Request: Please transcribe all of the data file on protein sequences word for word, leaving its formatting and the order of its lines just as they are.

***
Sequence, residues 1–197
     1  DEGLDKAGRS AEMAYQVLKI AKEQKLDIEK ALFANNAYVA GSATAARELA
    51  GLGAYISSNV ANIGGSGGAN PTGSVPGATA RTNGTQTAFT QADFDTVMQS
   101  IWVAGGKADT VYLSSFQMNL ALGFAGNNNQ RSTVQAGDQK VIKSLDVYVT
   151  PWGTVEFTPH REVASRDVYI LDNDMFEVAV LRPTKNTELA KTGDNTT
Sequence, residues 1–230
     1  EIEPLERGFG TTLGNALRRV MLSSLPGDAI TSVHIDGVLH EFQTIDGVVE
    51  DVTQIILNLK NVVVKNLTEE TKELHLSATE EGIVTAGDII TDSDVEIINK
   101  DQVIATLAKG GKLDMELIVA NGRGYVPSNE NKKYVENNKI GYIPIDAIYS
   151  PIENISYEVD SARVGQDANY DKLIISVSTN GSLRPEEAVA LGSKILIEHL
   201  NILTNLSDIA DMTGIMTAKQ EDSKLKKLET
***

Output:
Sequence, residues 1–197
     1  DEGLDKAGRS AEMAYQVLKI AKEQKLDIEK ALFANNAYVA GSATAARELA
    51  GLGAYISSNV ANIGGSGGAN PTGSVPGATA RTNGTQTAFT QADFDTVMQS
   101  IWVAGGKADT VYLSSFQMNL ALGFAGNNNQ RSTVQAGDQK VIKSLDVYVT
   151  PWGTVEFTPH REVASRDVYI LDNDMFEVAV LRPTKNTELA KTGDNTT
Sequence, residues 1–230
     1  EIEPLERGFG TTLGNALRRV MLSSLPGDAI TSVHIDGVLH EFQTIDGVVE
    51  DVTQIILNLK NVVVKNLTEE TKELHLSATE EGIVTAGDII TDSDVEIINK
   101  DQVIATLAKG GKLDMELIVA NGRGYVPSNE NKKYVENNKI GYIPIDAIYS
   151  PIENISYEVD SARVGQDANY DKLIISVSTN GSLRPEEAVA LGSKILIEHL
   201  NILTNLSDIA DMTGIMTAKQ EDSKLKKLET